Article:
The tiny Sessun shop was mobbed on a Saturday, they could barely keep the clothes on the rails. You'd see something, go back to pick it up and it was gone. That's how I ended up clutching two pairs of boots to my chest for half an hour. I really wanted the boots with a heel in navy, but they didn't have them so I bought the brown ones and decided to get out of the madness of the shop and go to the Sessun bit at Le Bon Marche where in the four minutes before closing I bought the flat version of the boots in navy, a fitted navy sweater with a belt and a navy duffel jacket; which will be so perfect for an English winter when it starts raining sideways and I'll grumpily put the hood up and skulk around kicking leaves.

I was able to buy all this because the prices are much lower than you'd expect, which is great but there's a price to pay - I think it's that some of the fabrics aren't quite the quality you want. There is something with the quality that just isn't quite there which I hate to say as I love the design, the cut, the whole vibe of it. I have more to say on Sessun, with pictures. And the malfunctioning boots deserve a story of their own.

5. Vogue Paris: Alt + Daria = Bonheur
Self explanatory. I decided to wait until I was in Paris to buy it and it was sold out in the first three places I tried. Daria is pretty much the only current model I like and Alt, well Alt is, I have no words, she's the best.

*Look, I feel bad. Lots of those words above should have accents of some kind and I really couldn't be bothered to look up how to insert them on this keyboard. Sorry France.

Sunday, September 07, 2008


1. Naomi litters streets of Paris

2. The kids are hip(per than thou)

3. Cafe Charlot: Convenient and convivial

4. Sessun: Tres reasonable prices, paid for slightly avec quality, still bought two pairs boots, a totally cute duffel jacket and a jumper. So far.

5. Vogue Paris: Alt + Daria = Bonheur

...to be expanded on upon return. No more time.

Friday, September 05, 2008


*If you're in London and you haven't already, it's totally worth catching the Viktor and Rolf exhibit at The Barbican before it ends. Even if, like me, you find dolls really creepy and especially if, like me, you never really paid attention to V&R because you were blinded by the conceptual gimmickry. All those collections you vaguely remember as "The Maggie Rizer Russian Doll Thing" or "The Wicker Lattice Masks One" will be revealed as also containing some astonishingly beautiful clothes. It's also kind of funny to look at the models' expressions of humiliation/pain/endurance in the show videos when they're forced to walk wearing high heeled wooden Dutch clogs/a full personal lighting rig on the catwalk.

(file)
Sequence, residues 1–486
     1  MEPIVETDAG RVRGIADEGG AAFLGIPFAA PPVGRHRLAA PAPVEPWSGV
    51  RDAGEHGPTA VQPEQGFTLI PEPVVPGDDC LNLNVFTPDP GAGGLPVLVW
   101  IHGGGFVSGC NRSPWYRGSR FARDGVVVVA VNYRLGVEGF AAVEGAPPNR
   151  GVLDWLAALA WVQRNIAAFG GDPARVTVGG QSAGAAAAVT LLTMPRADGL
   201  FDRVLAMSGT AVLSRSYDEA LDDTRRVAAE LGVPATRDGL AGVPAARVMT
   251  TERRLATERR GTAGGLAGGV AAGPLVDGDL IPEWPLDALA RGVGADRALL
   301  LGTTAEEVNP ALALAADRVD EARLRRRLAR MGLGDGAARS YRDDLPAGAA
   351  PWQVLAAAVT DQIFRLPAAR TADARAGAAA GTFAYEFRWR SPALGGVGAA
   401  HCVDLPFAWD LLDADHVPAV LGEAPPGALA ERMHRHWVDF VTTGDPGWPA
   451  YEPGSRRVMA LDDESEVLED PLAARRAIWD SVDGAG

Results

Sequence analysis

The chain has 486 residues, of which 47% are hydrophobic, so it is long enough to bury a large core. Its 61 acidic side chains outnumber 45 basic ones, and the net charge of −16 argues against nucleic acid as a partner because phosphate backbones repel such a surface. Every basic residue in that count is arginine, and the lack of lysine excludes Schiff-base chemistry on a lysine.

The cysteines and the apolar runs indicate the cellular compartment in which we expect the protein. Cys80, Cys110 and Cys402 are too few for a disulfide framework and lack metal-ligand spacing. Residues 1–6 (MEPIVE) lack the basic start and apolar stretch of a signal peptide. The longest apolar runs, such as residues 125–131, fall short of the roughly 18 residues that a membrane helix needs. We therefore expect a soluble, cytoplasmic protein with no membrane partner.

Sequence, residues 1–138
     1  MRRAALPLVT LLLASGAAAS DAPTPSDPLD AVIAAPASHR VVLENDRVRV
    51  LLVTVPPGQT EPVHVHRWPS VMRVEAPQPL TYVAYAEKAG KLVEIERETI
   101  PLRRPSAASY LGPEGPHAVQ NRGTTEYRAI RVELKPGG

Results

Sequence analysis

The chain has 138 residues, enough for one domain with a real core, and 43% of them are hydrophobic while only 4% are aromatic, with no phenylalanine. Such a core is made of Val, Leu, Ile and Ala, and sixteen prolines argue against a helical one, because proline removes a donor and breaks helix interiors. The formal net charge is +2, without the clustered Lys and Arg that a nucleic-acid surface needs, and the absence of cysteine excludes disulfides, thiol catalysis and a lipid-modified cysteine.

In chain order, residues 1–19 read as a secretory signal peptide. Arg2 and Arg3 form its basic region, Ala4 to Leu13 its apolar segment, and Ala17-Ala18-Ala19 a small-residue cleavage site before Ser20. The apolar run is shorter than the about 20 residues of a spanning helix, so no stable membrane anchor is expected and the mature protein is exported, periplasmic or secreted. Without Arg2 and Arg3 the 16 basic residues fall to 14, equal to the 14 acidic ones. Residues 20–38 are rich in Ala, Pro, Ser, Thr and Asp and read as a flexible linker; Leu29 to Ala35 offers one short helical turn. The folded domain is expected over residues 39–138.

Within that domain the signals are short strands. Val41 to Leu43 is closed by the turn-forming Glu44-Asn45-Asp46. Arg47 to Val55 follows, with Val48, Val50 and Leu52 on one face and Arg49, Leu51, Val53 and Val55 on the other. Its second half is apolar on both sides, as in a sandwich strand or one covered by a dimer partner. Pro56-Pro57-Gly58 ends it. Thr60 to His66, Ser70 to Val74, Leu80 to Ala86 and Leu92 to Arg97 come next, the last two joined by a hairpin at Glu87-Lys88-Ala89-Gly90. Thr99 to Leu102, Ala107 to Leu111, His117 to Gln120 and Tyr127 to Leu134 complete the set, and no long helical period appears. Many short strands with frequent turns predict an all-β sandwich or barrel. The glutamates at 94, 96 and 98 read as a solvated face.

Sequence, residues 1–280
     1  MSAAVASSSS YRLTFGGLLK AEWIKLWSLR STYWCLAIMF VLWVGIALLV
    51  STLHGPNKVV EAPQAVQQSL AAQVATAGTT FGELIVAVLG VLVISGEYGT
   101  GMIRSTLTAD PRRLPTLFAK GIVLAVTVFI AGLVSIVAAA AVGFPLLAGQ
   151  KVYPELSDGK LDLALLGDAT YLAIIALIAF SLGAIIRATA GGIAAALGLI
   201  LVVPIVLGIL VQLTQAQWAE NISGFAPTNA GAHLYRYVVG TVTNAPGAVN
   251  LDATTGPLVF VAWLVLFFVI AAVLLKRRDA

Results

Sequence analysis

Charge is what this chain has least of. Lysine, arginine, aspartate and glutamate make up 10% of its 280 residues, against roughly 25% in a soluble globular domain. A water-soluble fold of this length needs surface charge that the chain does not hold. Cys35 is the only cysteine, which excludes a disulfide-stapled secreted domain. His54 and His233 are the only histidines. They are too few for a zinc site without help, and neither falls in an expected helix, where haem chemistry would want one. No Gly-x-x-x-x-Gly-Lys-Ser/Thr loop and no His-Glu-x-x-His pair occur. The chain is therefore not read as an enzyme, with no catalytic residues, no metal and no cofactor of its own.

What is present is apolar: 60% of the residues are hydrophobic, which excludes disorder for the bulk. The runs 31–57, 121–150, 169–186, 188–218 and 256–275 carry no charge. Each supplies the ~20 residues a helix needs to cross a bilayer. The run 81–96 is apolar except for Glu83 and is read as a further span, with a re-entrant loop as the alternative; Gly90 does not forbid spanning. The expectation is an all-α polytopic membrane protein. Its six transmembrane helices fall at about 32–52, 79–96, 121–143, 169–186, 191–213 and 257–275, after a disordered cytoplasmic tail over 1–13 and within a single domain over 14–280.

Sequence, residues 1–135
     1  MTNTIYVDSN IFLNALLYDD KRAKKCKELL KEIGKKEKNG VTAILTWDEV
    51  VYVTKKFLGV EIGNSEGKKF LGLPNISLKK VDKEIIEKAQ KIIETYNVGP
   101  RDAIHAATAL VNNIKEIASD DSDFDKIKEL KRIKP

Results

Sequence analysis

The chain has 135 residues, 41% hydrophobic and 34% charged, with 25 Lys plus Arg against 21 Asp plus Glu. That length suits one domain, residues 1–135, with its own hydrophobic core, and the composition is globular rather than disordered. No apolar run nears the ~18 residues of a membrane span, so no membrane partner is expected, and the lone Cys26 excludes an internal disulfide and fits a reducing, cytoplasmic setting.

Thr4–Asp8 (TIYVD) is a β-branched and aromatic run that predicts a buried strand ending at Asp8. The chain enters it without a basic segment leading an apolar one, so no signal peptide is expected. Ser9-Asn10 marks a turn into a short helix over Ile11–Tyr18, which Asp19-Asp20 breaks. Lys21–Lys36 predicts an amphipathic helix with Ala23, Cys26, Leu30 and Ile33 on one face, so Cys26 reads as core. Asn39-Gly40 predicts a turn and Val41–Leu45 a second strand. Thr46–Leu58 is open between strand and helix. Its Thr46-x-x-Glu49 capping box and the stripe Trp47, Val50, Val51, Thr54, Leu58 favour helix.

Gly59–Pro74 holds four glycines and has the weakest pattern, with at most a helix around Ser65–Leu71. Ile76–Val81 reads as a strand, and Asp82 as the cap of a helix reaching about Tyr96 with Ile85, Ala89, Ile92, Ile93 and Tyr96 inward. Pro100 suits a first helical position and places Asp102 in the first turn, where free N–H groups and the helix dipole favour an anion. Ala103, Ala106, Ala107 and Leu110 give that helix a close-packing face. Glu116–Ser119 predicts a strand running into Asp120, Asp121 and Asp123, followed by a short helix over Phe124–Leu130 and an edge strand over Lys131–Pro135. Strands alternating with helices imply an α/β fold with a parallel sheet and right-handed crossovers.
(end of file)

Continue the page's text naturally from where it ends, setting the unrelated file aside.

*This is the most adorable thing I've ever seen. (Must organise for Morran and Lola to have a bloggers meet up one day.)

*Maybe I should've been a little more descriptive with my GOOD NEWS link yesterday? The one about Phoebe Philo being named the new creative director of Celine? Oh, everyone knows now...

*I'm going away for the weekend...

Thursday, September 04, 2008


We are having crisp, autumn days - to me that's preferable to the limping disappointment of summer's cold grey cloud cover. I've been sitting and walking outside while I still can, trying to absorb as much sunlight as possible. Sitting on my little terrace I became aware that it was full of cobwebs, so little had I used it this year. I think I have sat out there less than five times.

The leaves are turning orange already. But of course autumn means there's a long winter of rain ahead, which will only be relieved in six or seven months by a few pretty spring days; then another shitty summer where everyone spends the whole time being hopeful that a burst of warm weather will last longer than two days. And it never does. Sigh. I finally realised, looking at my growing collection of cute summer dresses, that all you need here is two. The one summer dress I bought this year was worn twice; the first time on a bona fide hot day and the second time - in July - with thick wool tights, a wool cardigan and a scarf.

I'm trying to stay positive, use the impending dark months as an excuse to buy loads of winter clothes, which after all are somehow more satisfying than summery things. But judging by the coats bulging out of my wardrobe it's not about needing more warm clothes, or even having the disposable cash to buy them. Buying a thick woolly jumper or scarf makes you feel like you're wrapping yourself up all cosy against the cold, a sort of modern way of putting another log on the fire.

{pic: Sessun}

p.s. and a bit of GOOD NEWS

Tuesday, September 02, 2008


Couldn't resist.
{(c) Annabel Mehran via tfs}


I do love the American way of saying fall instead of autumn. Does what it says on the tin kind of thing. I also love Built by Wendy's Austrian inspired fall collection. Especially those two looks on the left hand side...(But maybe not the lederhosen that are also in the collection.)

{pics from Built by Wendy - photographer Annabel Mehran whose work is always beautiful}